Diabetes mellitus is a serious and growing public health challenge in the 21st century, that imposes a tremendous economic burden on national healthcare. It was estimated that in 2019, there were approximately 116.4 million adults with diabetes (20–79 years of age) in China, which is currently the country with the highest number of diabetic patients in the world (International Diabetes Federation, 2019). The latest epidemiological study showed that the prevalence of diabetes is approximately 11%, and type 1 diabetes accounts for fewer than 5% of diabetes cases in China (Ma, 2018). Moreover, a previously published report showed that China had 823,800 deaths from diabetes in 2019 (International Diabetes Federation, 2019). The expenditures caused by diabetes exerts a significant impact on health budgets in China, as it was estimated that diabetes-related health expenditures totaled approximately USD 109.0 billion in China in 2019 (International Diabetes Federation, 2019). Furthermore, previous studies demonstrated that the direct medical costs of diabetes patients with complications are significantly higher than those of uncomplicated patients (Wang et al., 2009; Moucheraud et al., 2019). It is therefore pressing that cost-effective therapies for managing diabetes are developed to reduce the health and economic burden.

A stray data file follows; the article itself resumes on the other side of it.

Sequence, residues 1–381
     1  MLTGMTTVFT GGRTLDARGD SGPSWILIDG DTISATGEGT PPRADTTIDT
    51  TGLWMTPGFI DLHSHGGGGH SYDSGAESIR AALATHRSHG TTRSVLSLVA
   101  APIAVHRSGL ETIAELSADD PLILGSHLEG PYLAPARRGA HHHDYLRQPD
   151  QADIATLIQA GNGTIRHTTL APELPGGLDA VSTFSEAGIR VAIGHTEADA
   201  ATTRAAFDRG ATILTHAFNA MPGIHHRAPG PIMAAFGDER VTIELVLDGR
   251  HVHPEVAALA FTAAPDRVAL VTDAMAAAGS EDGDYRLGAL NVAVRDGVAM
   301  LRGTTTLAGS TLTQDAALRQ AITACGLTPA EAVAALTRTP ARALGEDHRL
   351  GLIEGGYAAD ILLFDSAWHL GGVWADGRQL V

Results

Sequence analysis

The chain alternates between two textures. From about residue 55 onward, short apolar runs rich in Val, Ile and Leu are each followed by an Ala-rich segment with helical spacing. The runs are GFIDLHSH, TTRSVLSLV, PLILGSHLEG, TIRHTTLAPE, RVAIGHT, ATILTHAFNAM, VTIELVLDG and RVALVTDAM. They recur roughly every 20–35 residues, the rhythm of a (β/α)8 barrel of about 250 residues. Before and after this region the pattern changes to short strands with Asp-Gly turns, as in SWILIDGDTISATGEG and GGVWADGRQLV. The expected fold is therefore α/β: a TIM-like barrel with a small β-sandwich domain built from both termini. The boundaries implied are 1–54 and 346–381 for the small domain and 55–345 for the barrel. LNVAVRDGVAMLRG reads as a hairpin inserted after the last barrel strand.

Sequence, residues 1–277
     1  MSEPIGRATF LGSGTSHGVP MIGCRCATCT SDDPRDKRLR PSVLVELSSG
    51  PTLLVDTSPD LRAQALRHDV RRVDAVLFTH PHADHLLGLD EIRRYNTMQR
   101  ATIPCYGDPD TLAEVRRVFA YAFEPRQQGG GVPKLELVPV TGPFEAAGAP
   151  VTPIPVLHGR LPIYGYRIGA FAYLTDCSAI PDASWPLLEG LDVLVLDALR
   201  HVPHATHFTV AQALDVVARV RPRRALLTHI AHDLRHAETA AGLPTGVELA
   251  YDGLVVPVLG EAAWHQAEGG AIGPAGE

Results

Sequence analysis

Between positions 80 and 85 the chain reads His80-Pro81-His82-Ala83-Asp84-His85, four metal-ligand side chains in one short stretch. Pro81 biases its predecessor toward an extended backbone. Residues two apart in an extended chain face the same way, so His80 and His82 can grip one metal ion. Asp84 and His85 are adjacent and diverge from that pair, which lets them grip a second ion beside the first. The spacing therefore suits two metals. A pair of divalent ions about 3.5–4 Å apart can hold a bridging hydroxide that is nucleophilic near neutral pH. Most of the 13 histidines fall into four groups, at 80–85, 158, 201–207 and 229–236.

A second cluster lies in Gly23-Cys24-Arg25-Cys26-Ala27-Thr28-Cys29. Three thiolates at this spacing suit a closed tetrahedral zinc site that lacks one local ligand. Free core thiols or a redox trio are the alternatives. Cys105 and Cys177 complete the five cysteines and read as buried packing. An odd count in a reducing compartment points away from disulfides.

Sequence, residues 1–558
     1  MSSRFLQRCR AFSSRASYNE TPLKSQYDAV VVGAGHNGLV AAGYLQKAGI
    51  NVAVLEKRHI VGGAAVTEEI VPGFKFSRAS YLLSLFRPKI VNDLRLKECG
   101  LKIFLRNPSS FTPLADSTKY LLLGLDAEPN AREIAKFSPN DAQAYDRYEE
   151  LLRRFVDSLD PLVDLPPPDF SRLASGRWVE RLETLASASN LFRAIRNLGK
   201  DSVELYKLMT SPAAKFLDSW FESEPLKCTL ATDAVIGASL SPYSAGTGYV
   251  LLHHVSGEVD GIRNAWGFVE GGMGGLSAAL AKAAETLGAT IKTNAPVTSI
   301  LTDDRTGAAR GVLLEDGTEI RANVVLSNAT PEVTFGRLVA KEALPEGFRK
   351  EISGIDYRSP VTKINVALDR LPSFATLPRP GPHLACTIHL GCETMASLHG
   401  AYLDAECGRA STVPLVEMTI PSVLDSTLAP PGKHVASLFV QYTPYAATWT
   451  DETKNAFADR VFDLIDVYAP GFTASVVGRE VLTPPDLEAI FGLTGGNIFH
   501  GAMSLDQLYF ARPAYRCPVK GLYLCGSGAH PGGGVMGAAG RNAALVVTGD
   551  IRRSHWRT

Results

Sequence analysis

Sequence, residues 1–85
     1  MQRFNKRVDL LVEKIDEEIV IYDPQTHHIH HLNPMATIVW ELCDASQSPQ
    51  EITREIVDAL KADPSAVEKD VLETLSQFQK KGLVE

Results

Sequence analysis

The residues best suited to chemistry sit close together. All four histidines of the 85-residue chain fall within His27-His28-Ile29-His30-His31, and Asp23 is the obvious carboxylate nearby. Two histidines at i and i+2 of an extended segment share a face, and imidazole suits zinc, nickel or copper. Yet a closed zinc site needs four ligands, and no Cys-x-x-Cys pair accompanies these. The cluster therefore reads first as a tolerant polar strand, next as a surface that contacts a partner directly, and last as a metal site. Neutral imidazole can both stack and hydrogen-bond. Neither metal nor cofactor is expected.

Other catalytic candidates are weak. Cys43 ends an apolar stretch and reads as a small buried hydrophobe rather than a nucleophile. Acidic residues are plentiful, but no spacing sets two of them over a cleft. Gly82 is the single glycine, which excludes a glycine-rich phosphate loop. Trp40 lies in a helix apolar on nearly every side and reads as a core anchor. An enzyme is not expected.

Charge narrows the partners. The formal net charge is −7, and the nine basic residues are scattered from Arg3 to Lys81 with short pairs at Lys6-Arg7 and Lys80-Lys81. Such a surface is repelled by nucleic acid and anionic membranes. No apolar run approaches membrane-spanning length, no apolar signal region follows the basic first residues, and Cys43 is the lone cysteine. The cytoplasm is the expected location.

Diabetes is a chronic condition requiring lifelong management. Intensive self-management is essential for patients with diabetes to achieve good metabolic control (Chatterjee et al., 2017). Currently, metformin is the first-line treatment for patients with type 2 diabetes (T2D) worldwide. Guidelines published by the American Diabetes Association (ADA) and the European Society for the Study of Diabetes (EASD) recommend either glucagon-like peptide 1 (GLP-1) receptor agonists or sodium-glucose cotransporter 2 (SGLT2) inhibitors as second-line therapies for patients with T2D on metformin monotherapy or as first-line treatments for patients with T2D at high-risk of cardiovascular events or seeking to minimize weight gain (Davies et al., 2018; Marx et al., 2021; Cosentino et al., 2020). Moreover, GLP-1 receptor agonists (GLP-1 RAs) and SGLT2 inhibitors can also reduce the risk of hypertensive heart failure, cardiovascular death, and chronic kidney disease (Marx et al., 2021).